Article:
Hematopoietic C/EBPβ deletion in ApoE−/− mice reduced blood and hepatic lipids levels and gene expression of hepatic stearoyl CoA desaturase 1 and fatty acid synthase, while expression of ATP binding cassette transporter G1, cholesterol 7-alpha-hydroxylase, and liver X receptor alpha genes was significantly increased.
Aortic sinuses of ApoE−/− mice reconstituted with C/EBPβ−/− bone marrow cells showed significantly reduced blood cytokine levels and lesion area compared with ApoE−/− mice reconstituted with wild type bone marrow cells.
Silencing of C/EBPβ in RAW264.7 macrophage cells, in conditioned medium, prevented oxLDL-mediated foam cell formation and inflammatory cytokine secretion.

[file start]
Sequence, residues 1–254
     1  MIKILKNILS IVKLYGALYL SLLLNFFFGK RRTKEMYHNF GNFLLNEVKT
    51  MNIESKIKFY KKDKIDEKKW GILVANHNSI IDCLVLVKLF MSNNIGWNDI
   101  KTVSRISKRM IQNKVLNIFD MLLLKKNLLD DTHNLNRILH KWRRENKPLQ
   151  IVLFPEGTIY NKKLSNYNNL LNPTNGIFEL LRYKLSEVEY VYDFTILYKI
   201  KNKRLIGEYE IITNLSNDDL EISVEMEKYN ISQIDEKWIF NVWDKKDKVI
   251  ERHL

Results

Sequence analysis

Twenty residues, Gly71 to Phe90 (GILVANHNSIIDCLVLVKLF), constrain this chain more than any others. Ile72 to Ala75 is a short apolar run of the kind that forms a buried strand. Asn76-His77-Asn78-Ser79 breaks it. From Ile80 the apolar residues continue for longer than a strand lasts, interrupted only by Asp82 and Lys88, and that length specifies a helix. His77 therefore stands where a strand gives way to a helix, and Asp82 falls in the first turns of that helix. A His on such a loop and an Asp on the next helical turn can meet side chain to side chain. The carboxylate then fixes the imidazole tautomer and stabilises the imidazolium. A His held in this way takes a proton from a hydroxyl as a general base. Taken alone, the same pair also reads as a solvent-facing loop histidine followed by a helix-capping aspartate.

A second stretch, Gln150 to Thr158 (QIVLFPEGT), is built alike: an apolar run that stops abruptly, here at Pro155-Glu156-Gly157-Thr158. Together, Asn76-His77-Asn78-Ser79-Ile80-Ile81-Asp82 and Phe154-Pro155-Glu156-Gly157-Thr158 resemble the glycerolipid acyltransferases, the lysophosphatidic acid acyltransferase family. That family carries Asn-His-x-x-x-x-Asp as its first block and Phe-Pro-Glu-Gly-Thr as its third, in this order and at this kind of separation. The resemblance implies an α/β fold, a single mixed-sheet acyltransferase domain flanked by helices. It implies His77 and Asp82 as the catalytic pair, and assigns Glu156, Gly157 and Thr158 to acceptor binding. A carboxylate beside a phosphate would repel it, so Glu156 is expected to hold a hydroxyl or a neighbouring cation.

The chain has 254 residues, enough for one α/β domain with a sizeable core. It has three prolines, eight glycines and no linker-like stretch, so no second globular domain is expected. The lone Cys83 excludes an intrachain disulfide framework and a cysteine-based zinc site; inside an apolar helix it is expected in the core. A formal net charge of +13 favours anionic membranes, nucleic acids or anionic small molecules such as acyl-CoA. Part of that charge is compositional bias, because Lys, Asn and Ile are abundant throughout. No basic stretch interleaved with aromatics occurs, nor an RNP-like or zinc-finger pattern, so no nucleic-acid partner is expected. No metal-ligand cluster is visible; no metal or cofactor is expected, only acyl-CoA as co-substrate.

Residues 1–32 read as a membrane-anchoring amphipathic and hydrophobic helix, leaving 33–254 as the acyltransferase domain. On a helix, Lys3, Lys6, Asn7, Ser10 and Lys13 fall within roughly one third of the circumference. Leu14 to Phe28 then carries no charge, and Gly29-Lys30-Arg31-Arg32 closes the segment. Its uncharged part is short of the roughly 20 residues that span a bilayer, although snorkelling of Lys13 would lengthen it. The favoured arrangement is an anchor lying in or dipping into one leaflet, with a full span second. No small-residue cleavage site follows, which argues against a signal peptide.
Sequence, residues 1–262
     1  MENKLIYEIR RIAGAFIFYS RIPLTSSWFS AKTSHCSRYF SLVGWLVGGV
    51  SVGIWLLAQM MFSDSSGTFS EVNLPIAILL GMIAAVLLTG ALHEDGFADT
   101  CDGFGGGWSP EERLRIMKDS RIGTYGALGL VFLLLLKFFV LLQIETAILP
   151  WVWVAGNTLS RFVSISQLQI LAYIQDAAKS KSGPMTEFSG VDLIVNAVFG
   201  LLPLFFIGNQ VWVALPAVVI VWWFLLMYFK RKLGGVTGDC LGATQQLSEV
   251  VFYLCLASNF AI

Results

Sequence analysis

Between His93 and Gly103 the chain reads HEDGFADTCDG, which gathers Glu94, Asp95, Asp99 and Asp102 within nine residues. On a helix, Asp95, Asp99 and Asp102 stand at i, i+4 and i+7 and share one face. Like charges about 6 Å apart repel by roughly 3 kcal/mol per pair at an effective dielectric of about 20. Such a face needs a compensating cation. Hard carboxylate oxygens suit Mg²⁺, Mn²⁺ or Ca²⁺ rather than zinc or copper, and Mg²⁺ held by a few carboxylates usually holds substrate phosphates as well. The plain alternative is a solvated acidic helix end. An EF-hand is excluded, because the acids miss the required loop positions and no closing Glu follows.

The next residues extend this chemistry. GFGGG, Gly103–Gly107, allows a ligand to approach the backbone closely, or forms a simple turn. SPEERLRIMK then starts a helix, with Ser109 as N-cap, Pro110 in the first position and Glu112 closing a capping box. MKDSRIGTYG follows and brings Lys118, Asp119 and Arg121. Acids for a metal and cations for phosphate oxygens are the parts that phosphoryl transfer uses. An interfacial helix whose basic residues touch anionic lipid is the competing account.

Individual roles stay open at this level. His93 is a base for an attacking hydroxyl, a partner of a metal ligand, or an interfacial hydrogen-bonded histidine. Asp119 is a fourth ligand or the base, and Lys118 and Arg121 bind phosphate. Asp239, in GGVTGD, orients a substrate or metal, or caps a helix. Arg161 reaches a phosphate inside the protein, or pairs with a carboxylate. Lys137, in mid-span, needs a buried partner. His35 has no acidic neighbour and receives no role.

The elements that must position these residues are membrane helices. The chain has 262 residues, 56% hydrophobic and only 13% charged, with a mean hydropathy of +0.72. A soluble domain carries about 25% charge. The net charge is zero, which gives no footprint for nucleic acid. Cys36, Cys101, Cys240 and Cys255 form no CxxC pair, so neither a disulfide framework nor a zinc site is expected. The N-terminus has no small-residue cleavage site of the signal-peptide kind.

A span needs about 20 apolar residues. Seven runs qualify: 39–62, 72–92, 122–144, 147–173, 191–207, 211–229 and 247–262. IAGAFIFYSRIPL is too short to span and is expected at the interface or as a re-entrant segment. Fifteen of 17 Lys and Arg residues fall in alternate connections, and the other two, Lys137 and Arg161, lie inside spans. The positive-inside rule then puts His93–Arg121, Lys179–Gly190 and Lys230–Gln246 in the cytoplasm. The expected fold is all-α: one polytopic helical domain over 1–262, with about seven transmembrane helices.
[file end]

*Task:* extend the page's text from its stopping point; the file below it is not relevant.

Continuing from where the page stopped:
The authors concluded that C/EBPβ in hematopoietic cells is crucial to regulate diet-induced inflammation, hyperlipidemia and atherosclerosis development.
In his commentary, S. Thomas further highlights how this study identifies C/EBPβ transcription factor as a potential therapeutic target relevant for lowering hepatic and circulating lipid levels, as well as attenuating macrophage foam cell formation and inflammatory responses in the arterial wall. Given the emerging role of C/EBPβ in foam cells and the plasticity of macrophages, targeting this transcription factor may represent a viable option for reducing the inflammatory phenotype, while promoting the viability and migratory capacity of lesion macrophages, thereby favouring lesion regression.